- Move To A Shared Flat – If you don’t have a room to rent, you’ve still got the option of moving in with someone else.
- Airbnb A Spare Room – Don’t like the idea of a permanent lodger? What about hosting guests? Airbnb will require you to be more hospitable, but there’s potential to make some serious dough. Depending on where you live, it could turn into a thriving lifestyle business.
6 Ways To Reduce Your Transport Costs
- Switch To A Fuel-efficient Vehicle – If you’re currently cruising around in a gas guzzler, it’s time to ditch it in favour of a wallet-friendly hatchback.
- Sell Your Car – Selling your car will relieve you of the cost of road tax, insurance, maintenance, and fuel. If you ever need a car, you can rent one for the day. The money you make could be used to…
- Buy A Bike – Getting rid of the car altogether and cycling (or walking) everywhere will save money and keep you fit.
- Car Share – If you have colleagues that live nearby, why not suggest taking it in turns to drive to work?
- Live Closer To Work – Most of us travel to work at least five days a week. The closer you are, the less you’ll spend on travel, and the less time you’ll waste commuting.
- Work From Home – Work from home arrangements are now more common and doable than ever before. If you can do your job from a laptop, pitch your boss to work from home.
6 Ideas To Cut Your Food Shopping
- Switch To Discount Supermarkets – Before I became an Aldi superfan, I had perceptions about cheap supermarkets. I thought they sold poorer quality products and the food didn’t taste as good. I was wrong. Not only is the quality on par with big-name supermarkets, but it’s also much cheaper. I save at least £20 a week shopping at Aldi.
- Make All Your Meals At Home – Yes, it requires more preparation, but you’ll be eating healthier and saving more.
- Bring Your Lunch To Work – If you don’t manage to prepare everything at home, at least bring your lunch to work. You could easily spend £5 a day on lunch, coffee, and snacks at work. That’s £25 a week or £1,200 a year. If you invested that money instead and achieved a 7% return, you’d have £51,040.61 in 20 years.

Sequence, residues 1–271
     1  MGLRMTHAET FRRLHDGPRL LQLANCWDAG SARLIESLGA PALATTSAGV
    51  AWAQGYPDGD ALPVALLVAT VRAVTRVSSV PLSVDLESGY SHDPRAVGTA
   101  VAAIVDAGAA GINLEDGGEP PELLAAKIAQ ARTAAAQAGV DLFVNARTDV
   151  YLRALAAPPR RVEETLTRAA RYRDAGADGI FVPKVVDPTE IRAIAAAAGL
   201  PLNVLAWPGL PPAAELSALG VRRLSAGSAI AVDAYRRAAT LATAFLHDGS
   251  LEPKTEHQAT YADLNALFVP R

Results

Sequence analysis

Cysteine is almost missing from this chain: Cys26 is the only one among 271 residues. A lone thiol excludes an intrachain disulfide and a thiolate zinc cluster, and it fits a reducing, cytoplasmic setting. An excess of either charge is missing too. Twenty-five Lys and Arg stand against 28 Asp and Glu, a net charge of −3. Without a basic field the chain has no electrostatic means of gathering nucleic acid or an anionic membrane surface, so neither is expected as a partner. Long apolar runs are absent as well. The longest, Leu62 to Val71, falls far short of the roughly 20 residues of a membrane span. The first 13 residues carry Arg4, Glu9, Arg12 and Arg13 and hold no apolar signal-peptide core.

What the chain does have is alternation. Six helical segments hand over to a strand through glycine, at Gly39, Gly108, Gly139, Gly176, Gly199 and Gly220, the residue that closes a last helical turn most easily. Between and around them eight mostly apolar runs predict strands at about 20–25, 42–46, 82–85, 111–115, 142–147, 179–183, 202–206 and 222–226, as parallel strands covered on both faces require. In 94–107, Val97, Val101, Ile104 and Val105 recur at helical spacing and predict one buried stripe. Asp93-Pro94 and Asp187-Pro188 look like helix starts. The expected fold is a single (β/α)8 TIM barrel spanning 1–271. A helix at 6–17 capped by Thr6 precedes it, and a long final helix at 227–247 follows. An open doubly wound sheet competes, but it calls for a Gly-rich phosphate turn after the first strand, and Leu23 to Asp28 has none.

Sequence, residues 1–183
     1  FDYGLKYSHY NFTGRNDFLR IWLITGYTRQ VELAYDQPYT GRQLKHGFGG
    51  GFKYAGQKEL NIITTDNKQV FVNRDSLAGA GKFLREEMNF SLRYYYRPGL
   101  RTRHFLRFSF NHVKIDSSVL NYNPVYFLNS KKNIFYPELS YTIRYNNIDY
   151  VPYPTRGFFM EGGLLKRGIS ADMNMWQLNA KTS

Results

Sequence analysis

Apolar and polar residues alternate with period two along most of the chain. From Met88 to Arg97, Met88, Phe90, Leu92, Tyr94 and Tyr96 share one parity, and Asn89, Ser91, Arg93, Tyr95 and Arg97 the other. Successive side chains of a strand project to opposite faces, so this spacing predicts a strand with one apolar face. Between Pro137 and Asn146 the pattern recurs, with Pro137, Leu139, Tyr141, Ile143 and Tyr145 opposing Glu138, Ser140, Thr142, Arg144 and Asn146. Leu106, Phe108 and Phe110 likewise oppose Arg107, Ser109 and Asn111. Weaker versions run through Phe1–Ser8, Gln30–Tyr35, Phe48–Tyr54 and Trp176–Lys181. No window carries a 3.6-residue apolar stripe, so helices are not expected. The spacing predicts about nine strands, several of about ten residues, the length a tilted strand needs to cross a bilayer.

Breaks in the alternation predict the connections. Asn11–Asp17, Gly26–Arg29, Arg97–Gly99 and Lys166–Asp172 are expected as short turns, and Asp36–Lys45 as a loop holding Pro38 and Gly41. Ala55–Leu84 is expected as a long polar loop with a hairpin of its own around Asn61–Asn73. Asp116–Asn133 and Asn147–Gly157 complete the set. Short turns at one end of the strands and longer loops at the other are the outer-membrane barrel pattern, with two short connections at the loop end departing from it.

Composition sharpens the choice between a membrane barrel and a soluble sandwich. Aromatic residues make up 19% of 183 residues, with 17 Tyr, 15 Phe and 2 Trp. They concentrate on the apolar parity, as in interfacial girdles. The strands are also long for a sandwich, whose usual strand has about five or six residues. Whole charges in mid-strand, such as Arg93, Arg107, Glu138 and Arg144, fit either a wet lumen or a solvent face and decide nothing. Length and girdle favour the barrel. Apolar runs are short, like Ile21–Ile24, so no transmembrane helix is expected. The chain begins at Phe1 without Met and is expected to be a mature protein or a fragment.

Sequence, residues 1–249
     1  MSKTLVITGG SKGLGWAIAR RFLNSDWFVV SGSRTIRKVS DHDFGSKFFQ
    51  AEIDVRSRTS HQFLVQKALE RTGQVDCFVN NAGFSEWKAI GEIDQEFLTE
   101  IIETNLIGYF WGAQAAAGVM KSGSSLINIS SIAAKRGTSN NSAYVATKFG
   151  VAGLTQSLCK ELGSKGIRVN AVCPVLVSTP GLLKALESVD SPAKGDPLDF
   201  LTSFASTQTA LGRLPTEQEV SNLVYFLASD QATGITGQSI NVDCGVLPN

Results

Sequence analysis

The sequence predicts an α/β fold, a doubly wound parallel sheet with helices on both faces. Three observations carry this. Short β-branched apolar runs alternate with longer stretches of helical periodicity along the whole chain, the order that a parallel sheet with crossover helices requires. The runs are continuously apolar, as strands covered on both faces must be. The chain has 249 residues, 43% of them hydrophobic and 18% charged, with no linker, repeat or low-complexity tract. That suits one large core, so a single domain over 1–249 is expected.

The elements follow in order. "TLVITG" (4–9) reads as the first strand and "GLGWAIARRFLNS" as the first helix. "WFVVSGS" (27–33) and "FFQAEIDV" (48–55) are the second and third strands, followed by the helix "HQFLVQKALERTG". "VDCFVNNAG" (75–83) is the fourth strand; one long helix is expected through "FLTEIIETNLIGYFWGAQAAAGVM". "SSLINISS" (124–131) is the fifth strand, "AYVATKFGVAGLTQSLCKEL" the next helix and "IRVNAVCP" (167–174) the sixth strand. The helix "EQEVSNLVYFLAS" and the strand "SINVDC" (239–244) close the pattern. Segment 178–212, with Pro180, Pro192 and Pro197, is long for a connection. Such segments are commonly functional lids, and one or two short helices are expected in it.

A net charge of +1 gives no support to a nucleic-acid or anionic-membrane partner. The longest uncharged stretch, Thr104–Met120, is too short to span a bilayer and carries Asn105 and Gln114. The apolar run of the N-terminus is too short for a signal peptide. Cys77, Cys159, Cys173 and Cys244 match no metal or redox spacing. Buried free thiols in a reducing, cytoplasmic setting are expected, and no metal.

- Plan Your Meals and Shop With A List – Planning what you’re going to eat for the week cuts out food waste and impulse buying at the supermarket. Once you have your meal plan, write down all the ingredients, and only buy what’s on your list.
- Eat Less Meat – Not what the steak lovers wanted to hear, but reducing the amount of meat in your meals will stretch your grocery budget further.
- Cut Out Alcohol – Booo! I’m not making myself popular with this list. But the fact is, even moderately enjoying alcohol (which I class as a bottle of wine or a few beers) will cost you £5-10 a week. I won’t bring out my mate compound interest again, but this relatively small expense can add up to a big chunk of cash in time.
Want more tips to save on groceries? I’ve got you covered: 10 Food Shopping Tips That Will Save You Hundreds
Wrapping It Up
There’s no doubt that hacking The Big 3 does require an element of living unconventionally, but it also doesn’t require going full-on frugal weirdo.
Combining a few of these tips may not drastically alter your lifestyle, and they could pad your pockets with an extra £500 per month. Saving £500 of after-tax income is the equivalent of giving yourself a £7,500 pay rise!
And who knows, you might even end up loving some of the changes – especially the ones that also benefit your health.